Lahti Radio & TV Museum is located in the old building of Lahti Long Wave broadcasting station. The station used to relay Finnish National and External Services programmes till it was closed down in 1993.
Since the start in 1928 most years Lahti was the title holder as the most powerful radio station in Nordic Countries. However, if the true importance of grounding effect had been known back in 1928, the station had never been located in Lahti - on the dry ridge, where over 15 huge copper plates had to be dug down to provide at least a modest grounding for high power transmitter purposes. It is not a coincidence, that today the most high power broadcasters are located by seashore. The altitude and central location in Southern Finland that once seemed to be the advantage of Lahti, are less important than a location near salt water or open waterway.
Lahti was so famous for its LW station, that few people know that Lahti was actually the initial location of Finnish External Service broadcasting. 1 kW SW transmitters were installed in Lahti in 1938, and already the test programmes resulted reception reports from far away. The most faraway listeners of Lahti SW station were from Australia and New Zealand.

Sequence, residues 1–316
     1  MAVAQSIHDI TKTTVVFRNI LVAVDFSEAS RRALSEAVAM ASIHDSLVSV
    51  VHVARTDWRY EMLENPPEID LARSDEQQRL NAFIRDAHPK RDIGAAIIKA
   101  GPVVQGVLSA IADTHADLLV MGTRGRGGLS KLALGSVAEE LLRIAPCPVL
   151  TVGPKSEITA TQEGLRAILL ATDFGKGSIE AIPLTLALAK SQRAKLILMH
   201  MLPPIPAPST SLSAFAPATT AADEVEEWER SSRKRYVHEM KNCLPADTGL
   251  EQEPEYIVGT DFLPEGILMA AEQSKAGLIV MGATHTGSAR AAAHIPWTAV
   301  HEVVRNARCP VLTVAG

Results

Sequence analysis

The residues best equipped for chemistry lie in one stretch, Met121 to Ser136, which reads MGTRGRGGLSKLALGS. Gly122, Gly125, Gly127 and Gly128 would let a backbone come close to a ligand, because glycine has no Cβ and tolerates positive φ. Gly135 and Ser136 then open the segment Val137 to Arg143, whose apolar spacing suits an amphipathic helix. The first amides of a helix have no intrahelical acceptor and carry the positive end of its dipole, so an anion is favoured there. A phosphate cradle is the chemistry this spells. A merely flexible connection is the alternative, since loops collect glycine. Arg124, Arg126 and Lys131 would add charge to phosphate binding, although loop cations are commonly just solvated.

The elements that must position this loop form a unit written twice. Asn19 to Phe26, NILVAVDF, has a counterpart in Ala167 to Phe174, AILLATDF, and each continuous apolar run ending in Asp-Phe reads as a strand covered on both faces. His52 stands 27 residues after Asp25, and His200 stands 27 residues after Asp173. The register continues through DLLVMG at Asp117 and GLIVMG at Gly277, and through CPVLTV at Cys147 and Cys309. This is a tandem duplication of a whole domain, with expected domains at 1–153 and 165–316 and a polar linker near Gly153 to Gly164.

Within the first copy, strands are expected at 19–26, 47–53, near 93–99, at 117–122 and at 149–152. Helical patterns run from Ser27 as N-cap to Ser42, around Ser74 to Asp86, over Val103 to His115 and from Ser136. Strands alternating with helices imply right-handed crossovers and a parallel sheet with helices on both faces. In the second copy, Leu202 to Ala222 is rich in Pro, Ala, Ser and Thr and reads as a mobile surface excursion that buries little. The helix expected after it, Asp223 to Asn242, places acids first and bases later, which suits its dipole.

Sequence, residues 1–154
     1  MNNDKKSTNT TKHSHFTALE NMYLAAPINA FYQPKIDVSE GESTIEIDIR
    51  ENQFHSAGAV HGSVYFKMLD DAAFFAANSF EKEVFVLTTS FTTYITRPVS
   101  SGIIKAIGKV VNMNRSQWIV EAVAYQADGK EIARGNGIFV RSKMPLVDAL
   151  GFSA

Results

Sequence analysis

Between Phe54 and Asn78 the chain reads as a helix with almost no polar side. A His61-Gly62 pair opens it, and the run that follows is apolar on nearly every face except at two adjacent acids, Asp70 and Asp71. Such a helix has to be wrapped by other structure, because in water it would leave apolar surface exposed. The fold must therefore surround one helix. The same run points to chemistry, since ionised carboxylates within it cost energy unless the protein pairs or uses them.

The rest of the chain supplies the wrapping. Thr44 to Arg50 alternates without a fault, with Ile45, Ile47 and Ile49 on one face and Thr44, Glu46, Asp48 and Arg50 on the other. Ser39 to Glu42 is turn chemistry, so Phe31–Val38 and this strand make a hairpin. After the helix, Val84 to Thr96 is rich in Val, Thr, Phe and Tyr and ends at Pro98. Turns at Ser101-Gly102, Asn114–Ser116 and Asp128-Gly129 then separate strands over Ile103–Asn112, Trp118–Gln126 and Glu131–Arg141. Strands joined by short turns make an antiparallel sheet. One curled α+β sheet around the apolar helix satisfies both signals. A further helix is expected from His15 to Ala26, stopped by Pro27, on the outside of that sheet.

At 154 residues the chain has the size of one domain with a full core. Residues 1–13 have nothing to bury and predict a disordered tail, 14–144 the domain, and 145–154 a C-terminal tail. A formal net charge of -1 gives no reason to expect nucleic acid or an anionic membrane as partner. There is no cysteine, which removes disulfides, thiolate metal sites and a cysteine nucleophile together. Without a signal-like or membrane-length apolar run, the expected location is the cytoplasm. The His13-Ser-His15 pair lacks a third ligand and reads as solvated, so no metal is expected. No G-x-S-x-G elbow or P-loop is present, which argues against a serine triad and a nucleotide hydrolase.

The Foreign Service began in 1st January 1939 when the very first English language broadcast to North America was transmitted. It was a legendary broadcast because of world famous composer Mr Jean Sibelius. There happens to be only one recording of Sibelius playing or conducting his music, and it was recorded in this first English language broadcast to North America. According to reception reports, this broadcast was even heard well in the target area.
For Helsinki Olympic Games of 1940, four high-power SW transmitters were ordered from Marconi in Great Britain. Unfortunately the war came between, and the transmitters never arrived. When Radio Finland decided to expand after the World War II, a brand new location was chosen for SW transmissions; Pori, in Western Finland, by the Baltic Sea.
The archives of Lahti Radio Museum have a plenty of reception reports from the Vintage Radio Era. In that time, numerous competing radio clubs and devoted enthusiasts wrote interesting, colourful reception reports on wonderfully designed, handsome report forms designed by the radio clubs, and, in some cases, by the individual listeners.
Reception reports shown on
this page are scans from photocopies, so the original colours can't be seen,
unfortunately. Nevertheless, we hope this makes interesting reading from the years when
the Radio was the King.